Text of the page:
Do the ski-season stretch
Globetrotting puts skiers on slopes year-round
By Marnie Hunter
(CNN) -- There's no need to put your gear in storage now that the ski season has started to melt away.
Resorts in the Southern Hemisphere keep skiers on the snow from mid-June to October, and a number of resorts in the United States, Canada and Europe offer late-spring and summer skiing.
Much of the best Southern Hemisphere skiing is in South America, and most of the skiers who hemisphere-hop are passionate about the sport.
"They have to be skiing fanatics," said Charles Weston, a Carlson Wagonlit Travel agent in the Chestnut Hill area of Philadelphia, Pennsylvania, who has booked many South American packages.
"When the summer comes most people are focused on doing summer things, but there are a few who can't think of anything but snow all year."
Will Wasson, founder and expedition leader for Snofari Expeditions, deals primarily in guided trips to Chile and Argentina.
"We specialize in South America more than New Zealand or Australia just because the Andes are big, much bigger than mountains in either of those other two countries," he said.
Wasson, who spends his winters in Telluride, Colorado, as head of the Telluride Freestyle Team, customizes trips to his customers' interests and the amount of time and money they want to spend.
"It can be done very affordably, it just depends on the level of lodging," Wasson said.
Wasson often arranges for clients to ski at a cluster of ski areas over several days from a base outside of the more expensive resort areas. One weeklong itinerary in Chile includes ski days at Valle Nevado, La Parva, El Colorado and Portillo.
Portillo, about 100 miles from Santiago, is one of South America's top draws for international skiers, and many of the world's ski teams train there during their summers. The resort centers around one hotel and there is no town, so crowds are limited.
"Every time I go there in the summer either the Austrian men are there, the American women, or the Canadian men or the American men," said Gerry Wingenbach, author of "100 Best Ski Resorts of the World" (Globe Pequot, 2003).
"So you rub shoulders in a real ski atmosphere with the best skiers of the world, but you have very few people there."
Termas de Chillan in Chile and Bariloche and Las Lenas in Argentina also attract international snow seekers.
Package trips to the resorts can be arranged through travel agents and tour wholesalers.
Weston estimates a South American ski package runs about $1,000 more per person than a comparable package in the American West because of the price of airfare.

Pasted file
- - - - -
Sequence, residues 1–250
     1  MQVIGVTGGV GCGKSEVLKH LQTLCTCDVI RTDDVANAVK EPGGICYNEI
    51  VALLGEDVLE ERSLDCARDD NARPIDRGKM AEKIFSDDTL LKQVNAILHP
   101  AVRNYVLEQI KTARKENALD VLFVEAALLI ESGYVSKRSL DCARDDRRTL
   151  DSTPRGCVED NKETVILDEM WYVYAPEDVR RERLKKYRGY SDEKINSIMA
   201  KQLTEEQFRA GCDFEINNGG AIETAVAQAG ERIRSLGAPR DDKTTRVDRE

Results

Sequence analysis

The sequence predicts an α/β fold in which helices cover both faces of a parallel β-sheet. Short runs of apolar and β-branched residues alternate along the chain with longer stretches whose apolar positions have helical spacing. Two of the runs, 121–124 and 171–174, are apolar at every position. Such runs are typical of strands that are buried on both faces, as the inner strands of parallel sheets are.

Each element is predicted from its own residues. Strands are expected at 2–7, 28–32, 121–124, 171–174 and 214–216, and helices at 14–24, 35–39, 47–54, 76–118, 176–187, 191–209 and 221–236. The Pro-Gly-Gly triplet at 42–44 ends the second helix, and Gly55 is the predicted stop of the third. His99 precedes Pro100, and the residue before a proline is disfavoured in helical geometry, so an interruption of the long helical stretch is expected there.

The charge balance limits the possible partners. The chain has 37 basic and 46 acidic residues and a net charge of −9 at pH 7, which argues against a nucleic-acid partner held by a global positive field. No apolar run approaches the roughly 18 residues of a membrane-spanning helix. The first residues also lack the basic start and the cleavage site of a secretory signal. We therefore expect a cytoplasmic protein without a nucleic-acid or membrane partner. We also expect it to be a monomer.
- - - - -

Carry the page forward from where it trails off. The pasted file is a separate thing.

Ski New Zealand
While the mountains may not be as high as the Andes, New Zealand's Southern Alps still offer challenging skiing from June to October.
"The best place to go in New Zealand is Queenstown, which is a very cool place," said Bruce Rosard, president of tour wholesaler Moguls Mountain Travel.
"It's kind of the adventure/adrenaline capital of the world and skiing is one of the many cool things to do there in the winter."
Queenstown also gets high marks in Wingenbach's "100 Best" book. The town serves as the base for skiers heading to Coronet Peak and The Remarkables, since there are no slopeside accommodations.
Dazzling fjord views make skiing in northern Norway unique.
The nature of the amenities in both New Zealand and South America can be quite different from some of the world's most well-known resorts, Wingenbach said.
"You're not going to find the upscale luxury spa accommodations in New Zealand or Chile that you will find here or in Europe," he said.
The views are the most stunning part of skiing in New Zealand, said Earl Saline, a ski and snowboard school instructor in Winter Park, Colorado, who has spent several seasons teaching at Cardrona Alpine Resort on the South Island.
"You're up on the snow field looking down onto green pastures, rolling fields, things like that," he said. "So you drive up out of the green ... to the resorts and the views are just astounding."
Traveling to the Southern Hemisphere is not the only way to extend your ski season.
A few days of glacier skiing in Europe may provide a nice change of pace from the museum and cathedral circuit.
Zermatt, Switzerland, offers some of the most extensive summer skiing in Europe, with eight lifts open all summer.
At Whistler Blackcomb in British Columbia, Canada, glacier skiing and riding lasts through August 1, weather permitting.
Arapahoe Basin in Colorado, Mammoth Mountain in California and Mount Bachelor in Oregon are among a number of North American resorts that try to stay open into June and July. A permanent snowfield on Oregon's Mount Hood allows Timberline resort to operate year-round.
For the true adventurer, spring skiing in the Arctic Circle may be the thrill you're looking for.
Resorts like Sweden's Riksgransen provide a comfortable base of operations, but the backcountry skiing is what makes the long trip worthwhile. Helicopter skiing is popular in Sweden and from mid-May to mid-June skiers can ski all night under the midnight sun.
In Norway, Arctic Voyager touring company takes skiers to the backcountry by way of the fjords.
The company, based in the northern city of Tromso, conducts customized four- to seven- night ship-based skiing expeditions from late March to mid-May.
This spectacular nature adventure is not for the casual skier, company founder Mats Forsberg cautioned. There are no lifts in the backcountry, so skiers should be prepared for some strenuous exercise.
"You're out in the wilderness, there is absolutely nothing out there," he said. "So you have to do the climbing up by yourself, by your own strength, and you have to do the skiing downhill by your own strength."